When do you like to exercise? I prefer to get a workout in first up before my day gets ahead of me and risk skipping a workout because of motivation. Studies suggest that if you’re able to workout in the morning, there are slightly more benefits to a morning routine versus an evening one. However, simply finding time during your day to workout is most important no matter the time. 

Based on studies that are sighted in a TIME article called This Is the Best Time of Day to Work Out, According to Science, one slight advantage to working out in the morning is, that it’s the ideal time for burning body fat. Especially if you are working out on an empty stomach. Our body is set up in a way that growth hormones and Cortisol are both elevated in the morning. Both of these contribute to a higher metabolism which in turn can draw more energy from stored fat. 

Working out in the morning can give you a boost of energy and help maintain focus throughout the day. As we all know exercise has stress reducing properties. For a task that may seem daunting  studies reveal that you can actually train your brain’s alarm clock to become a morning-workout-person.  By making getting up early a routine, you’ll start noticing an influx of energy at the beginning of the day and in turn, become more tired earlier in the evening to conserve energy for the morning ahead. Working out in the morning can help to curb your appetite and research suggests that morning routines are easier to follow. 

Lunchtime or late afternoon routines have benefits especially for longer or more intense workouts. By afternoon people typically have eaten a meal or two and eating contributes to a rise in blood sugar levels. Blood sugar helps maintain high intensity workouts for a longer period of time. Working out in the afternoon can help avoid the “midday slump.”  Moving our bodies between 1pm and 4pm can also shift our bodies clock forward to provide more energy in the middle of the day. Even just a quick walk or a little cardio burst can give you a boost of energy that can help you refocus to finish your day strong. Studies show that our bodies burn 10% more calories in the late afternoon, so it has been suggested that working out during that time could contribute to even more calories burned.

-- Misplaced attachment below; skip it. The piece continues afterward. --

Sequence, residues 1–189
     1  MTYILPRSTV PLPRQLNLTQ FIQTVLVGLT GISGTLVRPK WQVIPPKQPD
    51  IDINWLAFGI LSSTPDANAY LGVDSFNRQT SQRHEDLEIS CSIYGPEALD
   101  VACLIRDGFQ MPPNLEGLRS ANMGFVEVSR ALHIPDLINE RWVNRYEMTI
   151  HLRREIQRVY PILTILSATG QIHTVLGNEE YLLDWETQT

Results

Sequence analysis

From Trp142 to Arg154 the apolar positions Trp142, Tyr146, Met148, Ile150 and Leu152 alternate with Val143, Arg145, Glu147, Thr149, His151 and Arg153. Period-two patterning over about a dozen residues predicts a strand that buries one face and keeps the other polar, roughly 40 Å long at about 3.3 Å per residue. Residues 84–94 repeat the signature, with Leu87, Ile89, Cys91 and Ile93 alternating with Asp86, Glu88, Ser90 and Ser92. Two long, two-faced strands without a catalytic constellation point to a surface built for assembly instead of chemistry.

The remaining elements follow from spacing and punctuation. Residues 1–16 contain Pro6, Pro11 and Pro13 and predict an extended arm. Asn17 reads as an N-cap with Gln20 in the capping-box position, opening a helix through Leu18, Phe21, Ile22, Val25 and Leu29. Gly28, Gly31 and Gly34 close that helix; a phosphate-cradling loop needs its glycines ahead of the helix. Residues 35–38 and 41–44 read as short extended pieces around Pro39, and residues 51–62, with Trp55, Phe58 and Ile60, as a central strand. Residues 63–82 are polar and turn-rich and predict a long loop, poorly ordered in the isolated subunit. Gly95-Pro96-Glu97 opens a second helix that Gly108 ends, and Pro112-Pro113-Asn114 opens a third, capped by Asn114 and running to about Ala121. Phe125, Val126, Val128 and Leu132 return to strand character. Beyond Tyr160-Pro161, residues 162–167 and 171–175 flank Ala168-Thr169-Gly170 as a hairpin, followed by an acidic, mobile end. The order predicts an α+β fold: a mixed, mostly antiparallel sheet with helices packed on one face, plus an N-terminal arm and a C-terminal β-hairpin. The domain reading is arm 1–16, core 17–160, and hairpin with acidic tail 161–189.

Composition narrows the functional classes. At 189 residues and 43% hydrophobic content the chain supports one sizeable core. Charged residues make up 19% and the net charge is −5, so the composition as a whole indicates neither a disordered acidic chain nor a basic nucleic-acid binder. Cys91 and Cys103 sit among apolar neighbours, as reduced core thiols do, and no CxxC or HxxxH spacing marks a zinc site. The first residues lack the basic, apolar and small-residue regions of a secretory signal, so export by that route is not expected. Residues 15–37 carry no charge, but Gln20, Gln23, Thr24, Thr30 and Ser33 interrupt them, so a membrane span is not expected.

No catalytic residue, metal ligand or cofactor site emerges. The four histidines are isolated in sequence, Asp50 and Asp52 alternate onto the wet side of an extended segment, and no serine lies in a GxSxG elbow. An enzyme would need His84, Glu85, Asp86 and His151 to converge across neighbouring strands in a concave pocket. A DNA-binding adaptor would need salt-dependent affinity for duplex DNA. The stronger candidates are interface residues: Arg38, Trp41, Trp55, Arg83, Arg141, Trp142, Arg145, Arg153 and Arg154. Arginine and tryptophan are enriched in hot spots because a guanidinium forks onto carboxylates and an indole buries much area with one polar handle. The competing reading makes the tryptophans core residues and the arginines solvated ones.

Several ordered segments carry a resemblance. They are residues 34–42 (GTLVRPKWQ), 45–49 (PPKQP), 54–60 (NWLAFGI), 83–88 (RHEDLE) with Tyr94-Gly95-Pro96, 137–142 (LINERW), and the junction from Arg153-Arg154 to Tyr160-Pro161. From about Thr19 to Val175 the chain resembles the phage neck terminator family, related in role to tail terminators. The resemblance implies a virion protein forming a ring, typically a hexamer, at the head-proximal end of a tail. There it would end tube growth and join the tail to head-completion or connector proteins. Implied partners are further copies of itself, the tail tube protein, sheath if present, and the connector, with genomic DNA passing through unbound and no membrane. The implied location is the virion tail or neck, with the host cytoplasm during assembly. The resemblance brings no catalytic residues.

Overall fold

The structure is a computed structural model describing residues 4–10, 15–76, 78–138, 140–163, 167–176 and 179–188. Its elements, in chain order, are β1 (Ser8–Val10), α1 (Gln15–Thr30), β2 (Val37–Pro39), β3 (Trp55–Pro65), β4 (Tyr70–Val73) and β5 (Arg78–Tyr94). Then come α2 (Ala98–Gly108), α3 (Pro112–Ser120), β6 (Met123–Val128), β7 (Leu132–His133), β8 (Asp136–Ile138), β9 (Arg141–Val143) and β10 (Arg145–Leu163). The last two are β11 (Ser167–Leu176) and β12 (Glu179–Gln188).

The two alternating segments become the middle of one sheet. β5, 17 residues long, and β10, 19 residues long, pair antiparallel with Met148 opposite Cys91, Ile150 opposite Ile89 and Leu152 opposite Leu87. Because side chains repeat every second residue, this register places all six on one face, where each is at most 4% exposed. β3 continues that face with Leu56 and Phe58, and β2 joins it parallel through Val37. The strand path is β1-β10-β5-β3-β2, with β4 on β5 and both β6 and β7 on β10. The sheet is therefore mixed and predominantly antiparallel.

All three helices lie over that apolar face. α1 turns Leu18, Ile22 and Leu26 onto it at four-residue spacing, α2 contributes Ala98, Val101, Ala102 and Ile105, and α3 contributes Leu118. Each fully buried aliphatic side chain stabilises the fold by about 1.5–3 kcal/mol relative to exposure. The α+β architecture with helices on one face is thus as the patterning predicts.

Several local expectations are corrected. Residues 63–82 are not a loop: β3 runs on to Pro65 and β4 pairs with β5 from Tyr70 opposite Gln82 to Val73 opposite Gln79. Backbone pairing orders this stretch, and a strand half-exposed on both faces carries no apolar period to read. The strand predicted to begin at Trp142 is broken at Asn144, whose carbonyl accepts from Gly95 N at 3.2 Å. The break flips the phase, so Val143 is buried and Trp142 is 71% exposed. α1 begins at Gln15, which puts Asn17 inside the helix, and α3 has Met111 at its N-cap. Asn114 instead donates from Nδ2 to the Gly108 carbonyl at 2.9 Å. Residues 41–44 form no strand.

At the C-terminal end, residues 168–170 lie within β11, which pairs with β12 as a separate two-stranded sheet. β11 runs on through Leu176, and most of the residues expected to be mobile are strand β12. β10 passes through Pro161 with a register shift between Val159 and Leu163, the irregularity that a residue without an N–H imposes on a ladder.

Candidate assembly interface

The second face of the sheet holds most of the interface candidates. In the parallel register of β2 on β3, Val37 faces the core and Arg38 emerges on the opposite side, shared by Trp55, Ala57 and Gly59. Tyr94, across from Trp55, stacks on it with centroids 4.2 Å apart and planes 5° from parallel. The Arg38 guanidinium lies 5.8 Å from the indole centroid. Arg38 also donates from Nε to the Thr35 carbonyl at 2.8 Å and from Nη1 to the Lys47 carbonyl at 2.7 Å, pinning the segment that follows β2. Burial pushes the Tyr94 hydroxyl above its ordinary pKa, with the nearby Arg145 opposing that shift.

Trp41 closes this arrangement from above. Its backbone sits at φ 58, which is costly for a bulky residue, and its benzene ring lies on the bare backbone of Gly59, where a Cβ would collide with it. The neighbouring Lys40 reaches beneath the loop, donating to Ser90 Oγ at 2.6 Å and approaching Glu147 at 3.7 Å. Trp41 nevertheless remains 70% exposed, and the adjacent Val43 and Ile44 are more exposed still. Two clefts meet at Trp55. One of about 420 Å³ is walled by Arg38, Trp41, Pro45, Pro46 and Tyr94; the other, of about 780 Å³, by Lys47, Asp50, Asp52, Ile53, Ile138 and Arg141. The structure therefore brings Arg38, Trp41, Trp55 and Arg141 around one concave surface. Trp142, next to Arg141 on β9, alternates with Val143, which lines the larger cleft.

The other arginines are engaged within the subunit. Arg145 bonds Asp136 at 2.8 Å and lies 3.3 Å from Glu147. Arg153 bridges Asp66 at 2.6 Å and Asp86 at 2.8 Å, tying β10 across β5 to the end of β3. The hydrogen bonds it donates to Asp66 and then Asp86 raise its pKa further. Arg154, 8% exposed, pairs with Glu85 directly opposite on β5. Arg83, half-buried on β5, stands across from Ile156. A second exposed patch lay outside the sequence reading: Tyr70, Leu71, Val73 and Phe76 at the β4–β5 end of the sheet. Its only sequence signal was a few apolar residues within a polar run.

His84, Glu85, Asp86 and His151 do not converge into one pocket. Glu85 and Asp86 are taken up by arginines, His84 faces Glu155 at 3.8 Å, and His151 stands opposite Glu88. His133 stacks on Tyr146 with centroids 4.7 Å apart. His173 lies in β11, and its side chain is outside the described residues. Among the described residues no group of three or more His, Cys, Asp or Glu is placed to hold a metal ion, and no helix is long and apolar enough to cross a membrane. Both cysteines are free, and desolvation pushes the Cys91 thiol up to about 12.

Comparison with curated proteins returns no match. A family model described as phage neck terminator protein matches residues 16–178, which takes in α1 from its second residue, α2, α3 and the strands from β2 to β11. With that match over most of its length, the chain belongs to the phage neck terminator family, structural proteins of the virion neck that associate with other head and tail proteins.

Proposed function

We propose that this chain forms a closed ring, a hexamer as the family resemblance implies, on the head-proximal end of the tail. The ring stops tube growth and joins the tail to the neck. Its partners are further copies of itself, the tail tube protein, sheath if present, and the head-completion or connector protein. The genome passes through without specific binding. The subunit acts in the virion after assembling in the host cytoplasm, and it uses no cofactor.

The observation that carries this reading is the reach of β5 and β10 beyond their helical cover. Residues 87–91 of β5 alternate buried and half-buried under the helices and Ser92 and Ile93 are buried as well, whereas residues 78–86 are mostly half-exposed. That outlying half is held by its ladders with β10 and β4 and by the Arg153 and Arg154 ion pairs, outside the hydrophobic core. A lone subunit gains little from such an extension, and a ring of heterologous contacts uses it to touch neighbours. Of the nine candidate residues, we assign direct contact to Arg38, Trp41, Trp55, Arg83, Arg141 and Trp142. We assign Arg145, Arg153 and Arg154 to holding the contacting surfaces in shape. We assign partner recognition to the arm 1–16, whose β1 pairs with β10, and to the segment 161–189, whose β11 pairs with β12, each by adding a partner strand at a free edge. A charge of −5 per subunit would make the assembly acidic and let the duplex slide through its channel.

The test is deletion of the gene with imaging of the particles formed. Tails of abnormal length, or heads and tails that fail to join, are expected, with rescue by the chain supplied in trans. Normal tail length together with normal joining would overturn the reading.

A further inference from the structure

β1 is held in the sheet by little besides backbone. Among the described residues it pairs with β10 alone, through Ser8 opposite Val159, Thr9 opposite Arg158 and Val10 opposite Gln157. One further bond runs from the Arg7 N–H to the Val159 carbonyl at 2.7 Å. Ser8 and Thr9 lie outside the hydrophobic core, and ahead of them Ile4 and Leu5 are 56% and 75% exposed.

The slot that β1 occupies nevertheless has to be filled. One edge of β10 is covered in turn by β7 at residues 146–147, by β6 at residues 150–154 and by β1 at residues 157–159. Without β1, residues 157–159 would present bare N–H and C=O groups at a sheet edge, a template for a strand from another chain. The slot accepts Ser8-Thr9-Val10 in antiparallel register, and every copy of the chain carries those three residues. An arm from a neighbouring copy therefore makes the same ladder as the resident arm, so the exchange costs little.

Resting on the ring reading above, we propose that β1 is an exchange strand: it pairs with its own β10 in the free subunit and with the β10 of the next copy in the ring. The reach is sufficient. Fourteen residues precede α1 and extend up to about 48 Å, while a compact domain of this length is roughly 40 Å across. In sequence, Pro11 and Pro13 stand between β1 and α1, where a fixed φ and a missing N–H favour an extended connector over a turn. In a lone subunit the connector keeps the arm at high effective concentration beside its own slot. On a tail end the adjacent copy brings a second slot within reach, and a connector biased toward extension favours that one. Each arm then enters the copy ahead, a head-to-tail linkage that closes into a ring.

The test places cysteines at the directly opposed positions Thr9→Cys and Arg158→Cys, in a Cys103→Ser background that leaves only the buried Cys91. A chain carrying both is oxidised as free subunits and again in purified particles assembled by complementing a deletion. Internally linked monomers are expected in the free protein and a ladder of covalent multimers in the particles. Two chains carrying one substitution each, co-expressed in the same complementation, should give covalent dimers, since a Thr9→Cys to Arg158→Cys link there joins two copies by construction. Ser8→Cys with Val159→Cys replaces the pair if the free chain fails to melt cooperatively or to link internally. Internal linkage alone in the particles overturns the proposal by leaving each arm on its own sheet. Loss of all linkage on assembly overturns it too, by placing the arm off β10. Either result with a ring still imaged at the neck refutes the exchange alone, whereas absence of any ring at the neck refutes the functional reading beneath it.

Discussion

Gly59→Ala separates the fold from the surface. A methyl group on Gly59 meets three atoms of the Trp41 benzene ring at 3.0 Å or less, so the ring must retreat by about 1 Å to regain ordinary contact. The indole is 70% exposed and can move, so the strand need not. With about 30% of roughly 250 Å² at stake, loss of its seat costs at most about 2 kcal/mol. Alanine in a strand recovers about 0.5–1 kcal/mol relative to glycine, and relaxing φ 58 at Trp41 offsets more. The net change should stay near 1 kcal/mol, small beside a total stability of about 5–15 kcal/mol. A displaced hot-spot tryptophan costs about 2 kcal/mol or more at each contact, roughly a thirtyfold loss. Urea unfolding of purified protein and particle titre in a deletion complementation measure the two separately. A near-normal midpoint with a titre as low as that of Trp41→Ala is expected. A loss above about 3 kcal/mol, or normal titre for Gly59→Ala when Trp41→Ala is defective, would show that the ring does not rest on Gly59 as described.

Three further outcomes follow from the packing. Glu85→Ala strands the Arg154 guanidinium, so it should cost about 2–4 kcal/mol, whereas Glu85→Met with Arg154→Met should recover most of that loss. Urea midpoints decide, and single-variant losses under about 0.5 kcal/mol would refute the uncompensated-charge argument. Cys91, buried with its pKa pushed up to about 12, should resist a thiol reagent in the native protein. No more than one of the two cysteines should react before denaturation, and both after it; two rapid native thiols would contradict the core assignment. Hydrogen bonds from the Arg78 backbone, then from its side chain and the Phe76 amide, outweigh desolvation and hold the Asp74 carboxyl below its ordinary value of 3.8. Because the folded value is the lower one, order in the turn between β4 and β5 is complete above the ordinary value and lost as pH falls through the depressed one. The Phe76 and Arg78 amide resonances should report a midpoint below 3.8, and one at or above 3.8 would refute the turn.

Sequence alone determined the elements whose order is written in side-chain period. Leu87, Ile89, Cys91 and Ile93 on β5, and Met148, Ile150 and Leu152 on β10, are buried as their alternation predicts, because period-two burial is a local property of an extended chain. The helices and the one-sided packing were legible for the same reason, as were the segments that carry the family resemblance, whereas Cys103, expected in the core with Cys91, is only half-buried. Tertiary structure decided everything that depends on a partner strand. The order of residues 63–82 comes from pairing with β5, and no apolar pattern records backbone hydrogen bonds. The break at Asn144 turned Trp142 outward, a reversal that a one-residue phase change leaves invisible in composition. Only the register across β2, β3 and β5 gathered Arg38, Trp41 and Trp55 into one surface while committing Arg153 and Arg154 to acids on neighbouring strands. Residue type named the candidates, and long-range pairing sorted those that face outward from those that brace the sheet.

Evening workouts have misconceptions about making it more difficult to fall asleep. But according to Hackney, the scientist cited in the article, this is not true. He says unless you are working out and then jumping into bed right after, working out in the evening can maybe even be beneficial to a good night’s sleep. Especially if you are doing an activity like Yoga. Yoga can be stress relieving and does not disrupt sleep patterns. Working out in the evening can reduce levels of our hunger stimulating hormone which can contribute to eating less the next day. 

Finding time in your day to workout might be a challenge, but no matter what time of day you choose, there are benefits to all. Just getting a workout in is the key.